ERIC Number: ED391195
Record Type: Non-Journal
Publication Date: 1995-Nov
Reference Count: N/A
Seeing through Film: Cinema as Inquiry and Pedagogy.
Tillman, Lisa M.; Bochner, Arthur P.
An undergraduate course at the University of South Florida called "Relationships on Film" treats movies as relationship texts to be "read" by active viewers. Through the semester, students engage film in two ways. First, they interpret films as response papers. Each week, students watch the assigned film outside of class. Then they select the relational issues they want to address, and write about what they find most evocative, interesting, or questionable. Second, students turn a reflexive eye onto themselves and ask what values and assumptions they use to interpret relationship experience. In other words, after students write about issues they select, they examine their analyses and consider such questions as, "How am I positioned as a viewer of this film?" or "What does my selection of these issues say about me?" These questions call students to examine critically their own structures of interpretation--their memories, their family traditions, their cultural Cairo," two films that affirm that people today live in what N. Denzin Cairo," 2 films that affirm that people today live in what N. Denzin calls "a cinematic society." These "movies about movies" suggest that film mediates identity and relationships in several ways. Ingmar Bergman's "Persona" and Woody Allen's "Zelig" engage students in questions of identity. "The Virginian,""Shane," and "Red River" raise questions about what Westerns value. And "Annie Hall" and "When Harry Met Sally" help students to look at romantic relationships. (TB)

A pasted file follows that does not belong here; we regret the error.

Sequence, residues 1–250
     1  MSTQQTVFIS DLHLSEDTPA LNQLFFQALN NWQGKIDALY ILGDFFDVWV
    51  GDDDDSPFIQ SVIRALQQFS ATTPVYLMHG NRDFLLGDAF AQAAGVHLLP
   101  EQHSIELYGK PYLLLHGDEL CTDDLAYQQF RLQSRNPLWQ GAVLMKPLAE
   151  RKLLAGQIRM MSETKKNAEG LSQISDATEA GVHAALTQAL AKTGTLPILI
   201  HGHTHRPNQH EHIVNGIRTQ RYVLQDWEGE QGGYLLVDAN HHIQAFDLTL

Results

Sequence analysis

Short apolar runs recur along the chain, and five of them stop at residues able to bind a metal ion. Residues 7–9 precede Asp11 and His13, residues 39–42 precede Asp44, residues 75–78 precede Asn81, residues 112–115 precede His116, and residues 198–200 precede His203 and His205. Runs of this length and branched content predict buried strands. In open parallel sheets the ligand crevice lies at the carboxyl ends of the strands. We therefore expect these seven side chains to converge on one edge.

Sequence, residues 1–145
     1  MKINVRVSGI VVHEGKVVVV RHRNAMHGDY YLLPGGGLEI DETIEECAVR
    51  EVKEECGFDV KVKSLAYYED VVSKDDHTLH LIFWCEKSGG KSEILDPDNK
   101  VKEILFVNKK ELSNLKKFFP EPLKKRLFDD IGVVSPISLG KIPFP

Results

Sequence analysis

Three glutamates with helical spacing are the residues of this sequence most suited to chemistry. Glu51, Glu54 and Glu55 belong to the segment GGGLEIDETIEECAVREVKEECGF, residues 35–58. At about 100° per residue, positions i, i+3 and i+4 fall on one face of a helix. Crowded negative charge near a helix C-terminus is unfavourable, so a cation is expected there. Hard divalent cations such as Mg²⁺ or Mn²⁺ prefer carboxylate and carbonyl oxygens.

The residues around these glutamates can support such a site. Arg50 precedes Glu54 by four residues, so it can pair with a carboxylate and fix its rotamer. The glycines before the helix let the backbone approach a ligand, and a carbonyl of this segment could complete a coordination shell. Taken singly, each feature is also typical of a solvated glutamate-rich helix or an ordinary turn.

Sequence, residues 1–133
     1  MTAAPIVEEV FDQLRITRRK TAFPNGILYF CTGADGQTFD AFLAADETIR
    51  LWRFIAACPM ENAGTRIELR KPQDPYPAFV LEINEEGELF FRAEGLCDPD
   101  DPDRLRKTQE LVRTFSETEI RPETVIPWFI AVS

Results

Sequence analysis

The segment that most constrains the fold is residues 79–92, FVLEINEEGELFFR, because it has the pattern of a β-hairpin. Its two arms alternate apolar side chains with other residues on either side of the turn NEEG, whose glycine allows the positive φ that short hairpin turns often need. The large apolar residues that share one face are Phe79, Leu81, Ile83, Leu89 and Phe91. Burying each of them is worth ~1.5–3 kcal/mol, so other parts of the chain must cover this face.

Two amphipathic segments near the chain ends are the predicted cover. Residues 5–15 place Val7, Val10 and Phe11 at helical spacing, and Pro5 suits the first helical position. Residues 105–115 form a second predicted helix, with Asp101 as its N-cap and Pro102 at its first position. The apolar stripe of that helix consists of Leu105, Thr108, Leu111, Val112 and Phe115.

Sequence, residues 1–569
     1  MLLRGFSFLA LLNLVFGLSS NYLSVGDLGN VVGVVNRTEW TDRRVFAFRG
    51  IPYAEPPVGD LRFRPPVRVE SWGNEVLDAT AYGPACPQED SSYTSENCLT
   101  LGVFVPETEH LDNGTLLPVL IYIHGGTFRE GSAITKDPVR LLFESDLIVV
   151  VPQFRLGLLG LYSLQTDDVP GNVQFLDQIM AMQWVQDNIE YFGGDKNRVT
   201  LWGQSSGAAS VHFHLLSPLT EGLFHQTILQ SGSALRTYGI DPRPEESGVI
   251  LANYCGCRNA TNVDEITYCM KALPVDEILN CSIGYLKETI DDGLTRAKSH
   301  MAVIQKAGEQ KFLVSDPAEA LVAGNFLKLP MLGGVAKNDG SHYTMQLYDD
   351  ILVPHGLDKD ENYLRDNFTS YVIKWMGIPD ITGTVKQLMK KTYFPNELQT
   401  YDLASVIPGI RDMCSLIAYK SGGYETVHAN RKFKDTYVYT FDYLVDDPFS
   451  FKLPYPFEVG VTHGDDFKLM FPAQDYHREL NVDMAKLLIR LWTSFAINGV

Publication Type: Guides - Classroom - Teacher; Speeches/Meeting Papers
Education Level: N/A
Authoring Institution: N/A